Books are bread and water for me. You may think that’s metaphor, but I mean it quite literally. I feel the need for reading like I do a sudden drop in blood sugar. My introverted, sensitive self falls apart regularly. Time spent with a book puts me back together.
It won’t surprise you to know that my bookshelves are crammed. Two whole rooms in this house are practically devoted to them. There is also my desk. That’s where the stacks of library books live.
Recently, I’ve had so many friends ask for book recommendations that I knew I needed to do something. Of course, the easiest and best way to share books would be to sit with you on my old green sofa and talk our way through a stack of them.
Here’s my plan for “next best.” Every Saturday I’ll give you a glimpse of my bookshelves. I’ll share old favorites. I’ll share the latest thing on my bedside table. I won’t write long reviews (because these days I’d rather be reading than reviewing), but I’ll try to nudge you towards books I’ve enjoyed, no matter the category.
I read widely. You can expect anything from cookbooks to poetry to theology to children’s picture books. And maybe you’ll comment with some recommendations of your own? I would love that.
I have my nine-year-old daughter to thank for this first book. She found Inside Out and Back Again by Thanhha Lai at her school library, and she’s been reading it aloud to me. Years of having to listen to Junie B. Jones and Wimpy Kid exploits are now redeemed. This book is exquisite. Written as narrative poetry, this story of a young Vietnamese war refugee making a new life in Alabama is accessible for a child but still powerful for an adult. It will break your heart. In a good way.
What Alice Forgot by Liane Moriarty reads like a fluffy, fun beach read. Don’t be fooled. There is a lot more going on here. In this novel Alice bumps her head and forgets the previous ten years of her life. She wakes up believing she is pregnant with her firstborn and madly in love with her new husband. In reality, she is an angry mother-of-three in the midst of a divorce. Observing Alice negotiate the chasm between the life she has and the one she remembers is not only fun (I loved every character in this book), it is eye-opening. Fluffy on the outside, yes, but this book offers real wisdom on the subjects of marriage and motherhood.
My husband gave me three cookbooks and a pasta maker for Christmas. He knows me well. One of those books is Vintage Cakes: Timeless Recipes for Cupcakes, Flips, Rolls, Layer, Angel, Bundt, Chiffon, and Icebox Cakes for Today’s Sweet Tooth (yes, that’s a mouthful) by Julie Richardson. I can’t stop reading her descriptions of desserts I’ve mostly never heard of. Pink Champagne Cake, anyone? As of the new year, I am back on my no-added-sugar diet. Surprisingly, this book is actually helping. I’m finding it easier to say no to chocolate today because I’ve promised myself a little cake over the weekend. I’ll let you know which recipe I choose.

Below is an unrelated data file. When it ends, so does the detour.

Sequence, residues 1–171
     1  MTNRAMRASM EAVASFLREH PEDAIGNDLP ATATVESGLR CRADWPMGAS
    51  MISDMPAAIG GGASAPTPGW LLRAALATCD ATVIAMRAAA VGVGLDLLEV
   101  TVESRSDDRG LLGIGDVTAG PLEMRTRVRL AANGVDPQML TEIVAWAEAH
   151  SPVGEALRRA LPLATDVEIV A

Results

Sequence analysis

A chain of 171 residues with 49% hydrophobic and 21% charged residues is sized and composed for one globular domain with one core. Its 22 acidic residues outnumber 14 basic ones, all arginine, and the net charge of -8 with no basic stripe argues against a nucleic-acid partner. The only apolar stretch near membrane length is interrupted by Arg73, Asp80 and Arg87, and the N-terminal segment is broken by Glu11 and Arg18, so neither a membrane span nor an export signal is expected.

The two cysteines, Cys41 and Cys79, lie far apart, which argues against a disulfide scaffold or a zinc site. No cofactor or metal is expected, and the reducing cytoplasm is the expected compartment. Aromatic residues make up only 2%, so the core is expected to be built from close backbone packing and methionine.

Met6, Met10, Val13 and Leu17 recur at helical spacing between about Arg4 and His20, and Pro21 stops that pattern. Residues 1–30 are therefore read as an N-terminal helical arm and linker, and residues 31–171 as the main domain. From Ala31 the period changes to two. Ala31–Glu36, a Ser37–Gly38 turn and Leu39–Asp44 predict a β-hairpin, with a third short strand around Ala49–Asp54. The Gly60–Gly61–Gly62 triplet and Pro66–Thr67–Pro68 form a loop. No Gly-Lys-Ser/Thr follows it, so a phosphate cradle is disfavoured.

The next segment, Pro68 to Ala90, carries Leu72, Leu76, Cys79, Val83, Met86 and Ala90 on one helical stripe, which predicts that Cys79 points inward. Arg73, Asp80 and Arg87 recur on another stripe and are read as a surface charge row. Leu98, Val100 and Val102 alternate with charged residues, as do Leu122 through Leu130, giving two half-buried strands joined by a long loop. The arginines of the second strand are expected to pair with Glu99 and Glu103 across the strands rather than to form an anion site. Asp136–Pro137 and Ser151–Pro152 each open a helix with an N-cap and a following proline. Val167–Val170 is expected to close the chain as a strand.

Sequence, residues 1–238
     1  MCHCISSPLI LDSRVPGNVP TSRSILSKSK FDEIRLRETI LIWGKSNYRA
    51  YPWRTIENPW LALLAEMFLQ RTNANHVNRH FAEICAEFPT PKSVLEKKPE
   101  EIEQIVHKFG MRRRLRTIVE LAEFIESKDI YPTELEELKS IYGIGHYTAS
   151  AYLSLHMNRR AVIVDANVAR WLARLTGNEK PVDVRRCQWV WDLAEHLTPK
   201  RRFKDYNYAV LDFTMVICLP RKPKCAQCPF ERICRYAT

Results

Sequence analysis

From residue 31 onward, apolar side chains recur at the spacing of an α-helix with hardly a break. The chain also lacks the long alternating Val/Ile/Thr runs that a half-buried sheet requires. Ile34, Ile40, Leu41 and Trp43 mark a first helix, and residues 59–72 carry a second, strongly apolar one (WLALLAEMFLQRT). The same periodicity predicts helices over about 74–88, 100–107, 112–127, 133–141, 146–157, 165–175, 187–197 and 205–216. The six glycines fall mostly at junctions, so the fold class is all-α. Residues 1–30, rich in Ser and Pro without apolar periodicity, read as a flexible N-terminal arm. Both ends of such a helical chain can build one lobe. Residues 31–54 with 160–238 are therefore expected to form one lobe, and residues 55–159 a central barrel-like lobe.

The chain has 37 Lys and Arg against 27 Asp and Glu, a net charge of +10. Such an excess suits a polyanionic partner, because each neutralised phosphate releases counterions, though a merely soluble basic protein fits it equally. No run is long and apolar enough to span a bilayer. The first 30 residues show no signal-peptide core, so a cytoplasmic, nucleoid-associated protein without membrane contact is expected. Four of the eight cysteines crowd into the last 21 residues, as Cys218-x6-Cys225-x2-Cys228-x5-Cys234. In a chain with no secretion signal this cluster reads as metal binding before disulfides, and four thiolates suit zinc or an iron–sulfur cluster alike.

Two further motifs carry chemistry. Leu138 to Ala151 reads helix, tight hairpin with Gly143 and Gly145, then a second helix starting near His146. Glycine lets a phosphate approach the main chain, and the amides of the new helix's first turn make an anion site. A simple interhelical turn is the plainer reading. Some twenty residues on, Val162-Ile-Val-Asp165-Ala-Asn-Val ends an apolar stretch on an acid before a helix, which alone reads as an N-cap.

Thx for a very good idea: sharing your books! I am truly a kindred spirit: a house full of books here Just ordered “What Alice Forgot”: I’m not sure my dear husband will appreciate this link, but I love it!! Happy 2013, enriched by reading—
“Enriched by reading.” Yes, that’s it exactly!
I loved the comment about Junie B. Jones and Wimpy Kid!!! Brice recently came home and excitedly told me about “Captain Underpants” in the school library. My stomach went cold and I wept silently 🙂 Little does he know I have a whole list of books he WIll read and he WIll love and he WILL be moved by. It’s me against inanity!!
I wish I could say I’d never heard of “Captain Underpants.” Alas …
Oh man, I’m going to have to read that immigrant kid book. Having grown up in Georgia, Alabama, and Misissipp as an awkward immigrant kid wearing strange frilly Chinese dresses while everyone else wore Guess shirts, Lee Jeans, and Nike sneakers,, I bet it’s going to hit close to home. I definitely felt this love/hate relationship with the South where I found cruel rejection and bullying as well as warmth, comfort, and finally a sense of belonging. However the lack of racial and intellectual diversity means I’ll probably never go back there to live.
Oh, yes, you should definitely read this, Lina. My experience growing up in the south wasn’t as extreme as yours, but there are similarities. My sisters and I decided that we always felt just slightly out-of-place because our mother was from San Francisco. I think much of what makes you fit in within that culture is passed from mother to daughter.